Warning! This is a horror/dark fiction story so may be disturbing to some. There is strong language and sexual situations.
Summer lay on the thin mattress listening to the blowing of the wind. Another low rumble vibrated through the dark enclosure, reminding her of the deafening fall of snow and earth she had heard on the long ago night when she had become entombed on the high mountain.
Bobby, his face pale and waxen in the firelight, lay beside her, his strong arms limp at his side.
The sweet taste of his blood was still strong on her tongue and she hated herself for what she had done; what she had forced herself to do.
She reached out to touch him, tracing her cold finger over the beautiful painting on his naked chest. He was her love, the love who had been willing to die for her.
She would never stop loving him, for he was everything that was good in the world. He was proof that the humans were not, as she had always been taught, low and vile creatures, that they could be as noble and brave as any hunter.
“Bobby.” She whispered his name, pressing her face close against the smooth skin of his chest.
His eyelids fluttered open and her heart leaped in her breast. He was so very weak.
He looked around the low-ceilinged space, squinting at the flickering firelight on the rough walls. “Did we make it, honey?”
She smiled, nodding.
“I love you, Summer.” He slurred the words. His soft eyes fell shut again and his chest rose slowly in rhythm with his shallow breath.
When she was sure that he was sleeping soundly, she stood and moved to the fire. Pouring herself a cupful of thick black coffee from the enameled pot hanging over the flames, she sat on the warm stones. They were safe now, she thought, safe from the cruel prince and his murderous ways.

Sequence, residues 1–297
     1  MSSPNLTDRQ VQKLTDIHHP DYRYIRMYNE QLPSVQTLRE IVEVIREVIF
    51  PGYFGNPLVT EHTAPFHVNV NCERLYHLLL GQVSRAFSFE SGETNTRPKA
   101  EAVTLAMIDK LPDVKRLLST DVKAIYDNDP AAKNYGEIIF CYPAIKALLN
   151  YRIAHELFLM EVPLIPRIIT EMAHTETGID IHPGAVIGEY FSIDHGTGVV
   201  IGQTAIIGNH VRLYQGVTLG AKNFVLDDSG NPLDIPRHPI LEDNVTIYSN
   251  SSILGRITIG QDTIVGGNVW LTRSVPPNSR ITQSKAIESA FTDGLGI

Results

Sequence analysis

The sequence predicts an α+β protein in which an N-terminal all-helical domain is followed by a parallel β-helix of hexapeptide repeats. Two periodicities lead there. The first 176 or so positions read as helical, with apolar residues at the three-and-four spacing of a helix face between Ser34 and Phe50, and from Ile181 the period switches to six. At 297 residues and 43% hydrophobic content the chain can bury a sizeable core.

She was certain of it.
Another low ominous rumble shook the stones beneath her and she went to the door, opening it and slipping out into the snow.
The light from a buzzing sign made up of glowing tubes of twisted glass bathed the six tiny cabins in a blue glow, endlessly flashing its message to travelers on the nearby interstate highway: PINEY REST CABINS – FIREPLACES – KITCHENETTES. The snow-covered Accord was the only car in the parking lot. Mr. Peabody, the kindly owner who had helped her get Bobby into the cabin after she had explained that he was suffering from “theflu”, had long since gone to sleep.
The ground vibrated beneath her feet as another huge tractor-trailer rumbled past on the highway and she felt sad that no one ever stopped at Mr. Peabody’s anymore.
A gust of wind-driven snow stung her face. Summer looked back toward the line of rugged mountains through which they’d traveled, glad now that she had decided not to return to her old territory. She didn’t think Bobby would be happy living in the wilderness with no vehicles to repair and nowhere to drive his Accord.
She had told him that she was frightened at the prospect of having to live among humans and he had promised her they would find a new place in the vast range of mountains far to the north; a place where they could both be happy. As always, Summer had trusted in his judgement and he had steered the Accord toward the magnificent peaks of the Sierra Nevada.
Summer felt the beginnings of a smile curving the corners of her mouth as she turned and re-entered the small cabin they had rented. Of course there would be many problems.